To heal and recreate ourselves : shame, the Holocaust, and nonviolence / by Liliane Kshensky Baxter
Includes bibliographical references (p. 278-312)
- External Link
Electronic version from ProQuest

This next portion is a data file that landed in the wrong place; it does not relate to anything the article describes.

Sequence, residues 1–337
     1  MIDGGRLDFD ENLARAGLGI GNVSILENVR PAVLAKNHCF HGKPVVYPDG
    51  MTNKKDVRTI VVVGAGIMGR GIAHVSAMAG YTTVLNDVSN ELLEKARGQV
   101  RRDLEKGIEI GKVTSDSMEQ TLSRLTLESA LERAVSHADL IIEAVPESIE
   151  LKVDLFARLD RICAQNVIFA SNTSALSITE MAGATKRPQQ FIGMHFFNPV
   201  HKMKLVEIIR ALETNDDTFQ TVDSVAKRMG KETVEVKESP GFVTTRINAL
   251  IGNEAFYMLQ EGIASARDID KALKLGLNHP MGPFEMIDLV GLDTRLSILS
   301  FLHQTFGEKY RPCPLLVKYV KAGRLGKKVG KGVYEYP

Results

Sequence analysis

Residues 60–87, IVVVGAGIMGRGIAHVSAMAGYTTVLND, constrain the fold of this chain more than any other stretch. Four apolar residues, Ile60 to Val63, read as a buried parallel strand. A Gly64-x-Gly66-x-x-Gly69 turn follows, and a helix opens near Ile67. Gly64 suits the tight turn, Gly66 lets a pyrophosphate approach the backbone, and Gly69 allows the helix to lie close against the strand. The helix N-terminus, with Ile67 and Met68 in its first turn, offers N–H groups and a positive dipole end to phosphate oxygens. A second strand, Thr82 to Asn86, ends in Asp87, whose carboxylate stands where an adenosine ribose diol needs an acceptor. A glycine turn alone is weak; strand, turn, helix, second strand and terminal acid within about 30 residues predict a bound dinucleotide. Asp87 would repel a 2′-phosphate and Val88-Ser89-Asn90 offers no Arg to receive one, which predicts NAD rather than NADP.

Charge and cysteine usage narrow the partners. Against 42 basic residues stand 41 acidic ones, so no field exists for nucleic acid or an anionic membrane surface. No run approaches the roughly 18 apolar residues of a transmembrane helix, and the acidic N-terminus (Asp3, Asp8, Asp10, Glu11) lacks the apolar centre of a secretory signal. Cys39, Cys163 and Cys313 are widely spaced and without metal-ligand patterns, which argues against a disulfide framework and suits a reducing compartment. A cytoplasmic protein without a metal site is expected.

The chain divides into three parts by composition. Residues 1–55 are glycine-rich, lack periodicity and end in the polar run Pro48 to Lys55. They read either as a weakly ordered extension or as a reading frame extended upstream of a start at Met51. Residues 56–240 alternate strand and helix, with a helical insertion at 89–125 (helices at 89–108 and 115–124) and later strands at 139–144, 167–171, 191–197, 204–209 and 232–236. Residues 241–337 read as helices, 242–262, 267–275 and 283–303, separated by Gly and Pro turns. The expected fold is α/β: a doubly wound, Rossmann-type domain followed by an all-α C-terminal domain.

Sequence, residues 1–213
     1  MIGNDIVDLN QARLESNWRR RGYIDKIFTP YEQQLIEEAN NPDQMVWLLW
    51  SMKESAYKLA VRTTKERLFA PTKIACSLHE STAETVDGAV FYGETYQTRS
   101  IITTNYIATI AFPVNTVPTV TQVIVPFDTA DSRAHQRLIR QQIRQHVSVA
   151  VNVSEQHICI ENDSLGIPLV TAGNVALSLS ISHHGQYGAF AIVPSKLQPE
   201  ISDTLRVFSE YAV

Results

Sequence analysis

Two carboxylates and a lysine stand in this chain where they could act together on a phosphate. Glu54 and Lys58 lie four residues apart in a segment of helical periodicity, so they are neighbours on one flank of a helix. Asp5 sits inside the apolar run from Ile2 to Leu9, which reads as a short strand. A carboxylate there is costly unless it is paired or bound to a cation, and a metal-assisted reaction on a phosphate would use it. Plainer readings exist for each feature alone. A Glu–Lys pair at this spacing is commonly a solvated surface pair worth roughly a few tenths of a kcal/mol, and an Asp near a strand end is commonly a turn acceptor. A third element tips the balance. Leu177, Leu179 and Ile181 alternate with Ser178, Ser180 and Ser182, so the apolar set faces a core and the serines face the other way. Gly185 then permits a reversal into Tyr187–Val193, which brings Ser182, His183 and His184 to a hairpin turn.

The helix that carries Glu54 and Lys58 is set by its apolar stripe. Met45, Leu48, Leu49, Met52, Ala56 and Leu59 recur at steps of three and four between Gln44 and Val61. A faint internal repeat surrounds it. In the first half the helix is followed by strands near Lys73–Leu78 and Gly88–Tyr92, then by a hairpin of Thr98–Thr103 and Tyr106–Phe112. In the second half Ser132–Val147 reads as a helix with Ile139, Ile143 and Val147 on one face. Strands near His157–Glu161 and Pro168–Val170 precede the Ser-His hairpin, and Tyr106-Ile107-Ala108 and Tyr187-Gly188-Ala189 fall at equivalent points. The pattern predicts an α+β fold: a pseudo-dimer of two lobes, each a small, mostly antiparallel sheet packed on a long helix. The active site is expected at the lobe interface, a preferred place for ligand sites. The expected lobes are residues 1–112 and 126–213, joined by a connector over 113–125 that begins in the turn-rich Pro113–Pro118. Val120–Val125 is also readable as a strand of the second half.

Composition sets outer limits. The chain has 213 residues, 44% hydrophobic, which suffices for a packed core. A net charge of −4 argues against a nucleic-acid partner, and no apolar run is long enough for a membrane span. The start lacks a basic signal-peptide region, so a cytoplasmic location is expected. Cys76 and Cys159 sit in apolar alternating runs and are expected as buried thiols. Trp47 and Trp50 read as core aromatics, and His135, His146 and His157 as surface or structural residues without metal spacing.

This multidisciplinary inquiry integrates women's studies, Jewish studies, and peace studies, and the fields of human development, psychology and psychiatry, literature, theology, history, neuroscience, philosophy and sociology. It is shaped by the defining questions raised by the Holocaust and its aftermath, and sustained by the values and aspirations of the philosophy and practice of nonviolence. Its thesis is that shame is a significant moral emotion of our times, and that an understanding of shame attunes us, paradoxically, to both our morality and immorality. Feminist theory's critique of claims to objectivity and neutrality has challenged me to look for a new mode of presenting vital scholarly information. Toward that end—to ground theory in testimony, reflection in lived experience—I have turned to my own life as case study. Chapter One serves as an introduction to shame theory and to the basic categories and literature of this inquiry, placing an understanding of shame at the intersection of personal and collective memory. Chapter Two concerns the construction of self, and focuses on the mother-child relationship and the pioneering work of philosopher-psychologist Silvan S. Tomkins. Placing the intergenerational transmission of trauma in dialogue with autobiography, Chapter Three looks at the Holocaust and the influence of history on the private life of the family. Chapter Four proposes the metaphor of Beloved Community, brought to vivid life by the American civil rights movement, as a means to envision and make real the possibilities for nonviolent social change in this new century. The Conclusion suggests three observations emerging from this study: the centrality of infancy in the life of good and evil; the unacknowledged presence of public reenactments of private shaming; and the need, beyond all theories and ideologies, simply to tell our stories.
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